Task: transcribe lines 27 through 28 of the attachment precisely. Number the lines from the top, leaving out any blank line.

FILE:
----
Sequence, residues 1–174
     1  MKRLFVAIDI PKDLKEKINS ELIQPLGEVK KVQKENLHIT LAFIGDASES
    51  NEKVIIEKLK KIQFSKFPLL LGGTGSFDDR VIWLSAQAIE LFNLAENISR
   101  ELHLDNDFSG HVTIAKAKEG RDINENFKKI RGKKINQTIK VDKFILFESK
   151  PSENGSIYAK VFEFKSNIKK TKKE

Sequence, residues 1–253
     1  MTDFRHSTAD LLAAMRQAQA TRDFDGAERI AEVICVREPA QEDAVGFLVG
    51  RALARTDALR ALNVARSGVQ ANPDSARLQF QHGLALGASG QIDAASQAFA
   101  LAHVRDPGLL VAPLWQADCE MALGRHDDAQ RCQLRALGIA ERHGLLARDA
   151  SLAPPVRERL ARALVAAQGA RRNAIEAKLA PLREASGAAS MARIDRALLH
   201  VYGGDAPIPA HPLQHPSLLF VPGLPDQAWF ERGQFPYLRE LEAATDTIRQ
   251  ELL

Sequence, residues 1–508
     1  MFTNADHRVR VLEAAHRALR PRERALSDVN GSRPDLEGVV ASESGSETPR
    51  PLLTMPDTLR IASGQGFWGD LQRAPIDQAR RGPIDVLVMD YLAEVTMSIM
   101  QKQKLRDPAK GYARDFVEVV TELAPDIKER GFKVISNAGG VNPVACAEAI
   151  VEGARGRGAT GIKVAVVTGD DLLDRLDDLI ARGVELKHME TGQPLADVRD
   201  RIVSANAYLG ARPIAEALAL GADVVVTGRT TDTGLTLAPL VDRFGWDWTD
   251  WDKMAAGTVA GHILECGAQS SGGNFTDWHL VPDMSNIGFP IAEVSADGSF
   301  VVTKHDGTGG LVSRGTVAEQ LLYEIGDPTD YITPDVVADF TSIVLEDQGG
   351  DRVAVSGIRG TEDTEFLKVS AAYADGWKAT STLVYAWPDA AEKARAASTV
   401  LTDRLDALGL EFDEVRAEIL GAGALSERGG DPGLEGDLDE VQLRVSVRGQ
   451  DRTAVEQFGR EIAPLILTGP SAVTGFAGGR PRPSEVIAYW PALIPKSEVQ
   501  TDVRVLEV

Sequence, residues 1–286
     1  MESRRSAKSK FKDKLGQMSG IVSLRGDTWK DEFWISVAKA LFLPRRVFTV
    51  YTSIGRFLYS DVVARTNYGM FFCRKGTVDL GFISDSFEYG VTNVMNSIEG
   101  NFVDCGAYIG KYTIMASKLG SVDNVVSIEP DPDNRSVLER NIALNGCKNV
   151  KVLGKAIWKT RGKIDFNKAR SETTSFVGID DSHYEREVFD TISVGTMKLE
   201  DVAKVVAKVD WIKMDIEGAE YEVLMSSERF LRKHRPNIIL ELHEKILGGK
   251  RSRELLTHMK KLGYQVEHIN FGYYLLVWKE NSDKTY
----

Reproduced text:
    51  YTSIGRFLYS DVVARTNYGM FFCRKGTVDL GFISDSFEYG VTNVMNSIEG
   101  NFVDCGAYIG KYTIMASKLG SVDNVVSIEP DPDNRSVLER NIALNGCKNV